My focus here is on what we experience on our family history journey.
F is for:
Fun: Given my blog title, I hope I can convey what enjoyment can be achieved from a wonderful, life-long and all consuming hobby - in researching, writing and networking on my family history journey.
Frustration: a fact of life of all hobbies I suspect - in not breaking through my major brick wall to find the name of my grandmother's mother; In not finding the piece of evidence that would confirm the name of my great great grandfather; in coming to what I think is too early a halt on a particular line; in hearing that a relation has thrown out some precious family photographs.
Still by this time I am so caught up in the ancestral chase, I just move sideways and start investigating brothers, sisters and distant marital lines.
Fooled by False Trails can abound in family history and for many years when researching my husband's Donaldson family, I made serious wrong assumptions.
It was only many years later when I was writing the Donaldson family history, that I stopped suddenly and thought - I have absolutely no proof that the Samuel Donaldson, born Kirkbean was the same person as the Samuel Donaldson who married 30 years later in Leith and was my husband's G.G.G.G.G. Grandfather.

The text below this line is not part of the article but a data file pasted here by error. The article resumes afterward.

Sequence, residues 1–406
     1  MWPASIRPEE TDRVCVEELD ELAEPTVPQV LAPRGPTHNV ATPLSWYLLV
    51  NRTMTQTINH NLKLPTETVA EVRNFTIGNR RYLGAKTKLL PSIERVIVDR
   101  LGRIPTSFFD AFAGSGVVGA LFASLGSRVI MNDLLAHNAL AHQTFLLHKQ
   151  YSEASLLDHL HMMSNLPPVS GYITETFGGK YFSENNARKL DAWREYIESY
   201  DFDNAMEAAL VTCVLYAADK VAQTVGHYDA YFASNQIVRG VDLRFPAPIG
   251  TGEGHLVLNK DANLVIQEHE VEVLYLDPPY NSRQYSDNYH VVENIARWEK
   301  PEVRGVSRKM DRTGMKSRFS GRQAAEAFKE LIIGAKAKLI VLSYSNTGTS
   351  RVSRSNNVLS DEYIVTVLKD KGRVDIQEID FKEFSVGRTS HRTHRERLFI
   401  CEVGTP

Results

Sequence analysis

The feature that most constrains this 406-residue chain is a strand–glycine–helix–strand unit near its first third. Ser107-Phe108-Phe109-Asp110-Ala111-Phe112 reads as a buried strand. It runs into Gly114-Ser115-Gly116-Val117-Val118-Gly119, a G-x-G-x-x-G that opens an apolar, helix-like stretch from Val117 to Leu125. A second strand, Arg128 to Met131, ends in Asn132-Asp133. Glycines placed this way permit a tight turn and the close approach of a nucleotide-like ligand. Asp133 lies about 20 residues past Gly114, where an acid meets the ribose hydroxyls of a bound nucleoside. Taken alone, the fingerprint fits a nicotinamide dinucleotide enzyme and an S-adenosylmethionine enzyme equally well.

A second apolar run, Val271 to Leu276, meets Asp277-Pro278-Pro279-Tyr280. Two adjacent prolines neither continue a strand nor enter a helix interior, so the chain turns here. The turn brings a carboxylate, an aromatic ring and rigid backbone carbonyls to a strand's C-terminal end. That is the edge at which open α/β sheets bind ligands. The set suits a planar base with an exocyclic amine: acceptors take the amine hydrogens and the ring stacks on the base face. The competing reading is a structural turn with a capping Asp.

I had another look at the ScotlandsPeople website (http://www.scotlandspeople.gov.uk/) and there were only 3 entries for a Samuel Donaldson born in Scotland in the relevant period:
1729 - Samuel son of John and Jean
1725 - Samuel, son of James and Jean
1752 - Samuel, son of John and Janet
The traditional naming pattern can sometime be a clue to identifying the "right" person. However Samuel's firstborn son was named David (probably after his maternal grandfather), though second son was John. None of his five sons was called James, and none of his three daughters named Jean or Janet.
Given that it was not compulsory to register births, marriages and deaths, perhaps there is simply no record of Samuel's birth and no evidence to confirm the names of his parents.
So years of assumption and work on the background history of Kirkbean came to nothing, though we did enjoy our holiday there. And the lesson - don't jump to conclusions that can see you following a Foolish False Trail!